from The Century Dictionary.

  • noun A box containing certain requisites for the toilet, as combs, shaving apparatus, hair-, tooth-, and nail-brushes, pomatum, etc.


Sorry, no etymologies found.


  • I found him hovering about my luggage, wedging my dressing-case securely upright by means of my little automatic rifle.


  • Luggage out within a day or two and turned it over, and the following were the items: — A black portmanteau, a black bag, a desk, a dressing-case, a brown-paper parcel, a hat-box, and an umbrella strapped to a walking-stick.

    Somebody's Luggage

  • All day I have been thinking that if she could rise from her grave, she would herself sell the gold which her love for me lavished on this dressing-case; but were

    Eug�nie Grandet

  • Eugenie opened the dressing-case and gazed at the portrait of her aunt.

    Eug�nie Grandet

  • Grandet took his knife to pry out some of the gold; to do this, he placed the dressing-case on a chair.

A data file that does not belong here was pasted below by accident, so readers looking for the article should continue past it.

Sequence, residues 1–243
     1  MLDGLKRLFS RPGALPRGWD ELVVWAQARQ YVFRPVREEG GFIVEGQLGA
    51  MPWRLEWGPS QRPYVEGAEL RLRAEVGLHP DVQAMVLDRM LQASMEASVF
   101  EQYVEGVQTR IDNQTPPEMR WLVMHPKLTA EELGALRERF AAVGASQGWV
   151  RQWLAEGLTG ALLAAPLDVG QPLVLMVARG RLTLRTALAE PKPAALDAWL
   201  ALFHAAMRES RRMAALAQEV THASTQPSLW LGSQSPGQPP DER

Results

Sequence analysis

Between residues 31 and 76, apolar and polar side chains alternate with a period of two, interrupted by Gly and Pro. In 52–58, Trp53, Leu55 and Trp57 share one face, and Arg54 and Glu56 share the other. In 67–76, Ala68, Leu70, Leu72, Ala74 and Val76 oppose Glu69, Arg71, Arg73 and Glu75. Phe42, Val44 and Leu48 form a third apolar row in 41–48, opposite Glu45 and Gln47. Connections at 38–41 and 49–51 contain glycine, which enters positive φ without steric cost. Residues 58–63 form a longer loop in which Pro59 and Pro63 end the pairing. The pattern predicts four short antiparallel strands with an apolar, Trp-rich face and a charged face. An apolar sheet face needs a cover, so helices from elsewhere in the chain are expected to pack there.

Eug�nie Grandet

  • The same party bought in one lot the portmanteau, the bag, the desk, the dressing-case, the hat-box, the umbrella, strap, and walking-stick.

    Somebody's Luggage

  • My father has kindly presented me with the pretty gewgaws a girl loves — a dressing-case, toilet service, scent-box, fan, sunshade, prayer-book, gold chain, cashmere shawl.

    Letters of Two Brides

  • Grandet held his knife over the dressing-case and hesitated as he looked at his daughter.

    Eug�nie Grandet

  • There was writing in his dressing-case, writing in his boots, writing among his shaving-tackle, writing in his hat-box, writing folded away down among the very whalebones of his umbrella.

    Somebody's Luggage

  • “Here is also a little case which I am charged to give into your own hands,” he added, placing on the table the leather box which contained the dressing-case.

    Eug�nie Grandet


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